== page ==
This summer, Jim Parsons hopped into a New York City taxi and suffered a fate that often befalls celebrities.
Parsons, the star of The Big Bang Theory, noticed the driver stealing glances his way, trying to place his face. Finally, the cabbie remembered where he'd seen Parsons, though it wasn't on the hit CBS sitcom. "Hey," said the driver, "you're that guy in the Intel ad!" (Fun fact: Parsons got the Intel gig after execs from the brand spotted him on the cover of Adweek in the offices of the agency mcgarrybowen.)
Parsons shared the story about the cab driver with Intel CMO Steve Fund during a recent video shoot. It's only fitting: Not only have Intel's marketing campaigns earned plenty of buzz this year, but the brand has also received attention because Fund has engineered a kind of big bang of his own.
In 2014, Intel recruited Fund from Staples to lead a major rebranding. In recent years, Intel had moved far beyond the microprocessor and PC, but there was still a problem: The brand's image remained rooted in the past, known to most consumers only via the "Intel inside" sticker on their laptops—even as its technology had moved far into the future.
"The word inside is such a powerful asset—it immediately signals Intel," Fund says. "But it literally almost rendered the brand invisible by the nature of the word itself and by the nature of Intel being inside of devices. We really needed to let the inside out."
So, Fund set out to connect the internal technology with external experiences that hit on pop culture moments. The effort started with "Intel Amazing," a 60-second, tour-de-force ad from mcgarrybowen that showed consumers all the things in American life Intel processors make possible—from prosthetic hands to DreamWorks animation and NASA missions. It was an ambitious opening salvo to a year of ambitious efforts.
Intel seized another opportunity at the Grammy Awards in February. In a collaboration with Lady Gaga, Intel used its video-projection technology to merge the singer's face with that of the late David Bowie as part of a tribute to him. To a world still stunned by Bowie's death, the video hit home. In addition to the 25 million people watching the broadcast, an accompanying campaign generated more than 120 news stories and drove brand lift by 122 percent when measuring benchmarks for how millennials saw Intel as an innovative brand, according to the company.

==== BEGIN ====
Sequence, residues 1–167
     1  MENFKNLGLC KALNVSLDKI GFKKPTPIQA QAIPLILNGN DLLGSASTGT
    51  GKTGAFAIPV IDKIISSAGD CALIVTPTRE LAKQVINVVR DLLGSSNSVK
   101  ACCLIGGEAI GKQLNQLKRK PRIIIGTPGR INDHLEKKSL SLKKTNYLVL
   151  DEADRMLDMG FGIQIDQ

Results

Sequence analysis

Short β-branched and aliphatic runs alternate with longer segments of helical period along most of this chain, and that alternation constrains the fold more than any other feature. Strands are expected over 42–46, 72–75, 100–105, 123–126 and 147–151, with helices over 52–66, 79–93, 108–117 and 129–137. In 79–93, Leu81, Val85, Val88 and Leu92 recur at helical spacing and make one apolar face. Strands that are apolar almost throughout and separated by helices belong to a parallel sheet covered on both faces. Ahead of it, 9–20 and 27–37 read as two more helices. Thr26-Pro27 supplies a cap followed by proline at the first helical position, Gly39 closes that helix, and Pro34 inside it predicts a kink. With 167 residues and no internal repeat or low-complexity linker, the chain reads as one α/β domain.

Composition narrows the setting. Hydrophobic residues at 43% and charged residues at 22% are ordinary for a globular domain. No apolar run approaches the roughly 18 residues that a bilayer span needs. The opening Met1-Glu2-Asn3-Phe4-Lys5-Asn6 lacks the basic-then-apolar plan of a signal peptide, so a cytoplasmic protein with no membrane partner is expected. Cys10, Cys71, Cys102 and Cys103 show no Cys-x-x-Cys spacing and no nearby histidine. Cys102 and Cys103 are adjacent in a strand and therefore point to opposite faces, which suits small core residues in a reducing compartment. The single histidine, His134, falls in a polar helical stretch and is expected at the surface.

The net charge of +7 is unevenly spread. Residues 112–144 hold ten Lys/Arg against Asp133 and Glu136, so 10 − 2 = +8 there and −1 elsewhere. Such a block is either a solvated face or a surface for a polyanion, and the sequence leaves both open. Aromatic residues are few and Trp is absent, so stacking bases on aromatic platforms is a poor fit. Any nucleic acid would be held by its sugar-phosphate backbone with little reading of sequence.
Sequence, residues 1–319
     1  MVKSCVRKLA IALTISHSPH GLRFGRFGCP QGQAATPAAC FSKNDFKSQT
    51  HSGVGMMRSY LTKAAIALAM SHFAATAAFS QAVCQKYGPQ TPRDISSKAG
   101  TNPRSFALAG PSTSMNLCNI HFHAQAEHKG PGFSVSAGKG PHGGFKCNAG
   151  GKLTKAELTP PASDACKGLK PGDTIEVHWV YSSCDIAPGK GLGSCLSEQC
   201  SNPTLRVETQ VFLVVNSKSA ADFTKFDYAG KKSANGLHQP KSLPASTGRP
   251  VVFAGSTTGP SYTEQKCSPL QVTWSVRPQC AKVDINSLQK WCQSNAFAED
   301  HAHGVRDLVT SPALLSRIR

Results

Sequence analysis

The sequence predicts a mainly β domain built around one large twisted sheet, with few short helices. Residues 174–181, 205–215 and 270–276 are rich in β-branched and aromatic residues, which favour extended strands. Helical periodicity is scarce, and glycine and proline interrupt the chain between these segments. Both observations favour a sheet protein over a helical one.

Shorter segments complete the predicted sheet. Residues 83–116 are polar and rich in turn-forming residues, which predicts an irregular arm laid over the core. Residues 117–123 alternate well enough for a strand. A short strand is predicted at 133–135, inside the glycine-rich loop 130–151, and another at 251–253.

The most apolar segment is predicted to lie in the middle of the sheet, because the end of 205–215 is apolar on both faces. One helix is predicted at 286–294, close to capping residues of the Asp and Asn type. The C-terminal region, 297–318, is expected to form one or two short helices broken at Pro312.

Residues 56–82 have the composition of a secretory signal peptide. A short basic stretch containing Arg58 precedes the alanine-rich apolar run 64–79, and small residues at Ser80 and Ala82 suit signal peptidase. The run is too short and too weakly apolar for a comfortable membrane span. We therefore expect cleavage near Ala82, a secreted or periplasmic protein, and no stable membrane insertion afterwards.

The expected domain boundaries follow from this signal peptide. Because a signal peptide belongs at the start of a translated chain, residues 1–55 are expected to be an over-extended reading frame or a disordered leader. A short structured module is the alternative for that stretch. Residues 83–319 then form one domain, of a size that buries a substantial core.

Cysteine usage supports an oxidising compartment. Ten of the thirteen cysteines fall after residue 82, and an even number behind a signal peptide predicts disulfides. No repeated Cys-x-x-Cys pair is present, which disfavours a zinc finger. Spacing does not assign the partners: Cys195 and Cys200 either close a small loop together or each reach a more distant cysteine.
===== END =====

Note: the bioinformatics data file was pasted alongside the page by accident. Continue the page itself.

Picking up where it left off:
And in May, Intel programmed 100 drones to fly in sync to Beethoven's Fifth Symphony while creating a dazzling light show across the Palm Springs desert—a stunt that required FAA clearance. "The drones gave the appearance of fireworks in the sky," Fund says. They also broke a Guinness world record (most drones controlled from a single operator) and put Intel's logo in the air, drawing tons of media attention.
According to Teresa Herd, Intel's global creative director, tech companies often struggle to tell compelling stories about their work. Fund, she says, knows how to develop ideas that embed real technology into authentic experiences.
"He's got this amazing sense to know what will resonate with people," she says. "It's not even a tangible thing. It's not data driven, it's not analytical, he just has this sense of knowing what's going to resonate with consumers."
Fund has proven that across his tenure—from creating the America's Greatest Makers reality show for product designers to demonstrating the Intel Curie module at the ESPN X Games.
The efforts of Fund and his team have generated nearly 60 billion media impressions this year alone.
To Fund, the positive marketing and bottom-line results are not a coincidence, commenting: "I'm a fundamental believer that when you build your brand, you build your business."
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This story first appeared in the October 24, 2016 issue of Adweek magazine.
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